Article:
Since 2013, the Chinese government has announced several plans targeted at reducing air pollution in China. Most of which are directed at 'sanmei' or dirty coal. These are lower quality variety of raw coal burnt using technology incapable of reducing its pollution effects.
In 2012, just before the start of government policies, 774 million t (650 million t in Industrial sector and 124 t in residential) of sanmei was used in heating. Six years later in 2017, the use of sanmei in heating has dropped 40% to 469 t.
In the longer run, industrial sanmei use is expected to decline from 650 million t in 2012 to 191 million t in 2025 and then to around 100 million t in 2035.
So what's causing this decline?
- China's economy, which traditionally focused on manufacturing activities, is slowly driven more by the services industry. This has led to less use of thermal coal and in particular, sanmei, in the industrial sector.
- The Chinese government's commitment towards reducing carbon emissions and meeting its COP21 goals through energy reforms targeted at controlling the pace of energy demand growth, boost clean energy, and encourage fuel switching.
- Perhaps most importantly, are the air pollution reforms which kick-started in 2013. These include reforms to close down inefficient and small-scale boilers, switching from coal to gas or electricity use for residential heating, designating coal-free regions, and limiting the ash and sulfur content in sanmei used in certain areas.
Of the 650 million t of sanmei demand in the industrial sector in 2012, we estimate about 164 million t of the coal has been impacted by the government's measures against air pollution.
As a priority of the government's efforts to reduce sanmei use, many small, inefficient factories have been closed. For example, Beijing closed 1341 factories between 2013 and 2016, and aims to close a further 500 in 2017. We estimate about 44 million t (of the 164 million t) of sanmei consumption will be cut from boiler closures across the country by 2017.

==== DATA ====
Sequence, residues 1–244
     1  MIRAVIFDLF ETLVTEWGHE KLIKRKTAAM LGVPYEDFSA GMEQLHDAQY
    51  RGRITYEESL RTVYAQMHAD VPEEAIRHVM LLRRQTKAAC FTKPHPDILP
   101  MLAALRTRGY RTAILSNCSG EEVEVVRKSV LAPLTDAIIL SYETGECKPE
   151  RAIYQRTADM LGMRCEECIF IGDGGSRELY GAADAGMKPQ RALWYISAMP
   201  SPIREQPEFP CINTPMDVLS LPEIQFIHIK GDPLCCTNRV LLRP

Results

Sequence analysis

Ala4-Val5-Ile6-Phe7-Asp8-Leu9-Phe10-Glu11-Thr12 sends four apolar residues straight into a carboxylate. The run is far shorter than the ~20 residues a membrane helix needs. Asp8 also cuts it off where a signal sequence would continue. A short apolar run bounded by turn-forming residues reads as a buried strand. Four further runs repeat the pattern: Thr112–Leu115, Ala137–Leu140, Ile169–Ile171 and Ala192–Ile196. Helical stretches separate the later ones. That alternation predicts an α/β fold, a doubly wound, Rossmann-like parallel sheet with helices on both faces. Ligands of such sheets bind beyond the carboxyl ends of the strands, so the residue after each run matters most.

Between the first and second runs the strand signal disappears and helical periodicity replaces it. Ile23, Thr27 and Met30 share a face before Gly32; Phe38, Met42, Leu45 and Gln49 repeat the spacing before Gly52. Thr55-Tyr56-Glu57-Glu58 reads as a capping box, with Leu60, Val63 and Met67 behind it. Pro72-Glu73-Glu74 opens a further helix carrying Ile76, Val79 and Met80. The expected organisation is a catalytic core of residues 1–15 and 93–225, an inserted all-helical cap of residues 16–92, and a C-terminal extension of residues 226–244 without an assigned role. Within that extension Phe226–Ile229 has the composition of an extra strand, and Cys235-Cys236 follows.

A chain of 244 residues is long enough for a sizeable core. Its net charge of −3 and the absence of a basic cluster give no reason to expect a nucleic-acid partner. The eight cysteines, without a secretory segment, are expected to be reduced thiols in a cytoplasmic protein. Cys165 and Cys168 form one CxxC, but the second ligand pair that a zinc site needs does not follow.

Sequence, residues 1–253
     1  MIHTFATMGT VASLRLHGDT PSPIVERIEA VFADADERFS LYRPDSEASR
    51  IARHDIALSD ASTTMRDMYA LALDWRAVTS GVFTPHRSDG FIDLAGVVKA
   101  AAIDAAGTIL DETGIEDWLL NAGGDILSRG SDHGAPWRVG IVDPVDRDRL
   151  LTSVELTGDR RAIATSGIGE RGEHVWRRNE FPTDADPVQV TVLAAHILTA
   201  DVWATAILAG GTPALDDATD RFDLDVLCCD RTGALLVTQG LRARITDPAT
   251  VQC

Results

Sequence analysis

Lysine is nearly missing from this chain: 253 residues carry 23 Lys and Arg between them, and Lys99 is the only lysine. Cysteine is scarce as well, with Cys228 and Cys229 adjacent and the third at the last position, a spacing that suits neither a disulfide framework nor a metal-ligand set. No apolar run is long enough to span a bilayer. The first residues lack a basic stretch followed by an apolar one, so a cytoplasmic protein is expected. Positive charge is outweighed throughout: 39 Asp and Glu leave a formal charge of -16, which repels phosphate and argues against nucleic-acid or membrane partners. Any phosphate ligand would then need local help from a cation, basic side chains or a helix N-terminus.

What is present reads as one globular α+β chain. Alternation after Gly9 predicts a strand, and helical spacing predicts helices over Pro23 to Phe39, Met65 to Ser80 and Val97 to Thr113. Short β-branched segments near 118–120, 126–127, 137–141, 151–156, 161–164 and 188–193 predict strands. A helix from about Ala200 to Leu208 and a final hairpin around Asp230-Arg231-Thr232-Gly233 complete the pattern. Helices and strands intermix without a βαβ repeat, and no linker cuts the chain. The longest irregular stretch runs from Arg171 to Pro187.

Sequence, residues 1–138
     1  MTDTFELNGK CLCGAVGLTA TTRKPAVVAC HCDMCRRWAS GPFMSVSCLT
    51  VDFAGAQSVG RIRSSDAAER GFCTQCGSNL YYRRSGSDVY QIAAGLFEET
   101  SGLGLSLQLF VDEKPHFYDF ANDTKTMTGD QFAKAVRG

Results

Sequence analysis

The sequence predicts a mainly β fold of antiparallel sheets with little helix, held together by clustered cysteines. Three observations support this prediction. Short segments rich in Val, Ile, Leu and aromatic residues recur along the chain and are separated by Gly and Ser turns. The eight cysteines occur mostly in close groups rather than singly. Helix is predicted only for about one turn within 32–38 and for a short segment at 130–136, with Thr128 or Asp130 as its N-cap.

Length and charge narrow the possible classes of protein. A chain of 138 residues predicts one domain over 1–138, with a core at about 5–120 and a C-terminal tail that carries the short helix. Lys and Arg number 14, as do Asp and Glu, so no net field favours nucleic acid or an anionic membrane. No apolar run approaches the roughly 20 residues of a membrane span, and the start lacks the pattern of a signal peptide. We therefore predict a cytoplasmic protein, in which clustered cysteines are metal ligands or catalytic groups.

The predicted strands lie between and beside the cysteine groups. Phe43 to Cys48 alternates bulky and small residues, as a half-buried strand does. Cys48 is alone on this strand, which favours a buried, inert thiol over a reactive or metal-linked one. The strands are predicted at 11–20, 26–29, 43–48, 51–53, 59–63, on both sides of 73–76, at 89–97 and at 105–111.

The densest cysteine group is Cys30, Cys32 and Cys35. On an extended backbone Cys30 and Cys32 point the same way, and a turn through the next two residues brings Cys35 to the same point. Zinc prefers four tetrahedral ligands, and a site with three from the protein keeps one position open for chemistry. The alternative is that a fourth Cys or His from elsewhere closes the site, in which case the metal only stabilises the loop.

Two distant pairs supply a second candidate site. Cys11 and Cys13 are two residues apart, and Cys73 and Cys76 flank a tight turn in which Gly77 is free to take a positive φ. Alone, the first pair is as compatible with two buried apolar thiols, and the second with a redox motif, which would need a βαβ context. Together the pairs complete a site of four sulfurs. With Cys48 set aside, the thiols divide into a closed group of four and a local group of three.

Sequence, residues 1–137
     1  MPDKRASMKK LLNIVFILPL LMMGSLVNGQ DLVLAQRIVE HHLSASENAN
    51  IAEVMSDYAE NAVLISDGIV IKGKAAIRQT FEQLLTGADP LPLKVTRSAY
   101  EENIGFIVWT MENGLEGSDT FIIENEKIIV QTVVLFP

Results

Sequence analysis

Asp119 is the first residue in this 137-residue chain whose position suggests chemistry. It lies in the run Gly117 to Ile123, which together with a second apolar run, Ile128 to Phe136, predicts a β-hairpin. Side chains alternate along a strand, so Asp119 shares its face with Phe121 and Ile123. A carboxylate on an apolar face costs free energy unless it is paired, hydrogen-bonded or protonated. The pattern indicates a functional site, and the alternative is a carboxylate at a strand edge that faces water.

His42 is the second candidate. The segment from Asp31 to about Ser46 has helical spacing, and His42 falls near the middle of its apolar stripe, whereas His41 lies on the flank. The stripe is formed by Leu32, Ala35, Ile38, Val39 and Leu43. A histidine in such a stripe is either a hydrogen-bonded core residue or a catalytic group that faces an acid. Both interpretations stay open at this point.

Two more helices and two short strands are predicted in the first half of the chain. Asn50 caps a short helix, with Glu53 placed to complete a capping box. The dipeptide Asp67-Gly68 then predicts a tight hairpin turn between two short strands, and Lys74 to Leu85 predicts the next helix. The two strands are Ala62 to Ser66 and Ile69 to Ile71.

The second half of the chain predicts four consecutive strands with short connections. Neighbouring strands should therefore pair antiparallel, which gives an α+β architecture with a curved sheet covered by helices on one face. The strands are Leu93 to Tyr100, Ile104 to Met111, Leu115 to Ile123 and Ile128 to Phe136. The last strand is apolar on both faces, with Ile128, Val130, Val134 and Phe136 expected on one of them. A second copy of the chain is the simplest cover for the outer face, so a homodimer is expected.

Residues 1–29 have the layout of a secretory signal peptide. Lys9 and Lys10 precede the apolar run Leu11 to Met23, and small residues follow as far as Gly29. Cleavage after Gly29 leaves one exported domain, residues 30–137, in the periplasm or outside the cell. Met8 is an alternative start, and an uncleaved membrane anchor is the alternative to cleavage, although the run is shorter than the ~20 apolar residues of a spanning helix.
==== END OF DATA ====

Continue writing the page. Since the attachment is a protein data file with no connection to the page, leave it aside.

While many factories have been encouraged to switch from small coal boilers to gas boilers, the cost of using gas can be up to three times as much as coal. As such, many factories have instead preferred to switch to larger coal boilers or public thermal plants rather than gas boilers. Since these larger boilers are more efficient and have the required environmental-protection equipment that smaller boilers lack, the government has welcomed such switching. We estimate about 60 million t (of the 164 million t) of sanmei use has been moved from small boilers to larger boilers.
Woodmac estimate another 60 million t (of the 164 million t impacted by Government policies) of sanmei across the country will have been replaced by gas or electricity by the end of 2017. Of which, 49 million t will be in coal-free areas. For example, as the richest provinces in China, Shanghai, Jiangsu and Zhejiang have led the transformation of energy structure and environmental protection efforts. Twenty-six cities in the three provinces as well as adjacent Anhui province are defined as the Yangtze River Delta, and all coal boilers in the region – which the company estimate at 50 000 – will be closed by the end of this year.
It is thought that more coal-free areas will be established. National policy will expand its focus beyond built-up areas in prefectural-level cities. So far, the focus has been on major cities, but existing measures have only had an impact on about 10% of national sanmei consumption. This will do little to achieve the desired effect on pollution levels. We believe the government will turn its attention to county-level areas.
Also, switching from coal to gas or electricity for residential use will be encouraged, although it will be constrained in the midterm because of the high cost and limited gas supply in some areas.Bottomline is that we expect the majority of the sanmei use cuts will come from switches small boilers to larger boilers with clean technology, not so much from coal to gas / electricity switch.
Read the article online at: https://www.worldcoal.com/power/04072017/china-to-see-a-coal-decline/
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